He even not-so-subtly began mentioning that HBO Sports was inquiring about his story. We eventually had to give him a deadline in which he could sign or not sign the release. He missed the deadline and we decided that was too much. That working with him would become too difficult, or a liability. And so, unfortunately, this project that we were very into and hopeful for, never came to fruition. And for the record, nor did any HBO Sports deal happen or documentary about the person ever get made.

I don’t want this situation to ever happen to you, my fellow #doclifer. So you have a decision to make here. Yes, most of us recognize that giving money to a documentary story is a matter of documentary filmmaking ethics. However, we’re all being maybe a little naïve if we don’t think there is sometimes some exchange of money that is happening. I don’t know – and this is just for me, personally – I decided a long time ago that I would not pay any direct money to subjects that I was making a documentary about.

Sure, I could help with the occasional meal or travel costs, but beyond that was never going to be part of the deal. For myself, I believe that it changes the nature of the relationship, and so I don’t want to do that. You may feel differently about this, and in fact, you may feel that I am the naïve one! That’s cool. Regardless of where you might fall on this subject, you must get something in document form written up that allows you to be the person or company telling someone’s story. You’ve got to protect yourself, or risk losing our documentary project, potentially after you’ve already invested substantial time and money into the effort.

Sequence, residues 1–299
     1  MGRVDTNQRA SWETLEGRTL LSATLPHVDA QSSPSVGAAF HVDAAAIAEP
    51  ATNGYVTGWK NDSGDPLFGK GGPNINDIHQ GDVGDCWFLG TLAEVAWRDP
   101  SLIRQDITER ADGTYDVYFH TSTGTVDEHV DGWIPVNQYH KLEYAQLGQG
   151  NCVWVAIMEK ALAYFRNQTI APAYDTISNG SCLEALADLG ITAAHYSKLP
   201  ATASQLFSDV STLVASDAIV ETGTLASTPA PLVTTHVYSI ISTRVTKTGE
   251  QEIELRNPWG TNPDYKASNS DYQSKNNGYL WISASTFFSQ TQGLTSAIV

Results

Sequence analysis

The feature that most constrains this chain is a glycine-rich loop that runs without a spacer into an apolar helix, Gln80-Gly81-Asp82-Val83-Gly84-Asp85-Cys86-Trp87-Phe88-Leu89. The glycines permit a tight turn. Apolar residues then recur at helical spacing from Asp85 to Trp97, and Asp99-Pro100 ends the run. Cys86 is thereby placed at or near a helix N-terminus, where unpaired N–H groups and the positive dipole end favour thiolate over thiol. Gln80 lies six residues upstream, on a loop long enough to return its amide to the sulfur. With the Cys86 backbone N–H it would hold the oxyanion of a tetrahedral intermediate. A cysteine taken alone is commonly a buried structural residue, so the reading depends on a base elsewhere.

5. Be Friendly, But Don’t Be Their Friends

This is a pretty good rule to follow when doing a documentary film – and I’m sure we’ve mentioned it before – but it’s worth mentioning again.  You are going to be spending a lot of time with your subject and subjects, so it’s pretty understandable if you’re friendly with them.  And why wouldn’t you?  You’re going to be spending an extraordinary amount of time documenting (intruding upon?) their lives.  It’s only natural to be taking their well-being into account throughout production.

But there is a risk, if you get too close to your subjects, that some important content decisions be made that can negatively impact the potential of your series to tell a really in-depth and thoughtful story.

You don’t have to completely remove yourself from interaction with your subject – though that is certainly an option and one that some filmmakers prefer – but you can minimize the amount of interaction in a way that allows a story to play out or a subject’s life to continue as realistically or unfettered as possible.

So consider how and the type of interactions that you may or may not want to be having with your docuseries subjects.  Your story will be thankful for it!

 

 

Host and TDL Founder, Chris G Parkhurst

Chris is a documentary filmmaker and the founder and host of The Documentary Life, a platform which aims to inform and inspire documentary filmmakers from around the globe.